Cohen apologizes for slamming ministers

After gov't decides to officially reprimand him, police chief issues written apology for interview.

September 28, 2008 16:55
3 minute read.
Cohen apologizes for slamming ministers

friedmann 224.88 AJ. (photo credit: Ariel Jerozolimski [file])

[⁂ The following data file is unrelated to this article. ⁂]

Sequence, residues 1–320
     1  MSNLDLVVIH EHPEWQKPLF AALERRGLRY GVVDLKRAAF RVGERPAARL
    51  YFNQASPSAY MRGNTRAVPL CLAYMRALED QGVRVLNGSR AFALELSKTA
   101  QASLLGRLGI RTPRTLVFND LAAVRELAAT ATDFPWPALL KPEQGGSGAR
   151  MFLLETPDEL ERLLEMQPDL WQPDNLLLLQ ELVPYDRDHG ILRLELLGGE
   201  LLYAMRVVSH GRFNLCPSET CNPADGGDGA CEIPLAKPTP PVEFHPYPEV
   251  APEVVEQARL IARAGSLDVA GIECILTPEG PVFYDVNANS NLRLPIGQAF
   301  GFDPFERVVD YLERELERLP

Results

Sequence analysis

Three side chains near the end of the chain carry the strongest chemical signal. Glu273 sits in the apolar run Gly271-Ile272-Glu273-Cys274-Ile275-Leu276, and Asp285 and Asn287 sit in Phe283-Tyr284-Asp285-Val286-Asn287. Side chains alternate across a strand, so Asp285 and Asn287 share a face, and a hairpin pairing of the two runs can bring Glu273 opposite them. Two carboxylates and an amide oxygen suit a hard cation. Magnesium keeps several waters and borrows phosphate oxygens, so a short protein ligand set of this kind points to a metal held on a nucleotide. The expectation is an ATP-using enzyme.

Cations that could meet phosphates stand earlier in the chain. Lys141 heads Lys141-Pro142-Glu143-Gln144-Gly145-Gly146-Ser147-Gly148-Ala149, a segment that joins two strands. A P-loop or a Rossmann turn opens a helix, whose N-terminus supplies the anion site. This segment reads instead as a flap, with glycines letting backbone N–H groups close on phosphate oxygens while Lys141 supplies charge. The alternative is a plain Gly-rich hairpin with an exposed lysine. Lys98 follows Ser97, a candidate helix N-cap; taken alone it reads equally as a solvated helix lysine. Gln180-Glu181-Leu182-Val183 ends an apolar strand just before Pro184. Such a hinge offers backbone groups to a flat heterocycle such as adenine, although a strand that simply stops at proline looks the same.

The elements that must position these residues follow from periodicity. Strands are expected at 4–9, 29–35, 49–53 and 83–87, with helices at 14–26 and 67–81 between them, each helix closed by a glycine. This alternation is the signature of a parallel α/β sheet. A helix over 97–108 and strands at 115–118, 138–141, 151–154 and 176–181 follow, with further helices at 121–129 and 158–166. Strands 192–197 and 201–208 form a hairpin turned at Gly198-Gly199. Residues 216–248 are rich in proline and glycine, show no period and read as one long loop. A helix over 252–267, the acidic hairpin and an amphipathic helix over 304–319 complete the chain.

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Following the government's decision to officially reprimand Police Chief Insp.-Gen. David Cohen over comments he made in a Ha'aretz interview criticizing several high-ranking ministers, Cohen published an apology which expressed "regret over the possibility that any government ministers... were offended." Sunday's statement went on to say that Cohen's comments "were not at all intended to criticize the government." The police chief was quoted in the interview as saying that Justice Minister Daniel Friedmann "cannot lash out at the Police Department... for him to publicly make such grave comments is downright irresponsible." "[Such statements] are indicative of professional, national and even personal carelessness," Cohen told Ha'aretz. Among other comments, Cohen also expressed surprise at corruption allegations against Prime Minister Olmert and criticized Vice Premier Haim Ramon. "It hurt," Cohen had said. "There was this feeling of 'how can this sort of thing happen? How could someone in such a senior position act the way he acted? "The hardest thing for us was to witness the daring way these things were done. This power intoxication that caused everything. It surprised all investigators - and me too," Cohen said. Cohen also had plenty to say about the 2007 Ramon affair, in which the vice premier was convicted of sexual harassment. "First and foremost, Ramon was convicted. Secondly, he has never appealed. Instead, he chose to go back to the government and to hold a public battle from within the government. Claiming the police were using illegal wiretapping is a clear attempt to slander the police," Cohen said. "Things were done in an attempt to limit the police and the attorney-general's steps." The interview was discussed in Sunday's cabinet meeting, with Olmert calling it an "embarrassment," and Minister-without-Portfolio Ami Ayalon recommending that the government admonish Cohen. During the discussion, Friedmann remarked, "The man obviously has a very high opinion of himself," adding that he believed an apology should be demanded of Cohen. Specifically regarding the interview, Friedmann said "It is unprecedented that a police chief in a democratic state [should] feel he is entitled to criticize the government in general and the justice minister in particular. "The police chief's argument that the police is an independent body undermines the foundations of democracy. The government and the government alone is in charge of maintaining the rule of law, and the police execute that function on its behalf." "Someone should remind the chief of police that he works for the government," Friedmann went on, "[and] there are many faults in the police under his command. The least he could do is offer an apology to the government, if not a personal apology to me." New Kadima chairman Tzipi Livni then intervened, saying, "it is wrong to discuss this interview here, since there is a minister in charge and he's the one who needs to patch things up," to which Olmert responded: "There is only one small problem, and that is that the minister in charge [of the police] came here this morning [after having made a] statement that attributed all the corruption to his own party and to the government." Public Security Minister Avi Dichter, to whom the prime minister was referring, quipped, "that minister is sitting right here." "When I appointed you to be the minister of internal security, I told you that you had many missions, including fighting corruption. I told you not to be afraid, and that you would get my full backing," Olmert said. "When I decided to resign my position I did something that has never been done before. I took upon myself this mission, so as not to damage the state's stability, and I made an difficult personal choice in order to maintain the country's stability. So how can he [Dichter] speak like that?"

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